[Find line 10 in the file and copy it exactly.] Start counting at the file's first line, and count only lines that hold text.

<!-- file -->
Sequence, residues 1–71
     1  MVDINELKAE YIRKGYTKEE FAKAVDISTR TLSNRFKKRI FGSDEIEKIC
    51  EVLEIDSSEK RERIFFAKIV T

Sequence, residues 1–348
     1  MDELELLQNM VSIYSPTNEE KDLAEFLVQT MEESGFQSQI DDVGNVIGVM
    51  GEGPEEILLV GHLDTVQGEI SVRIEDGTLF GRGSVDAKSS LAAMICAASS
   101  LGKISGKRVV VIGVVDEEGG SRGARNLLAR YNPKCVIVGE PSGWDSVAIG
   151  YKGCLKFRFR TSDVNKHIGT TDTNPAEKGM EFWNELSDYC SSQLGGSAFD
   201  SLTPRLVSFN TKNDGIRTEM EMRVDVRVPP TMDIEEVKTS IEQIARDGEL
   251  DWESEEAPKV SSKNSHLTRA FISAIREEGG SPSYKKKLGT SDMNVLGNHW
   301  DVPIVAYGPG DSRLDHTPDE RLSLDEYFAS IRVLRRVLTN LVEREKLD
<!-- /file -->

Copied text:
   251  DWESEEAPKV SSKNSHLTRA FISAIREEGG SPSYKKKLGT SDMNVLGNHW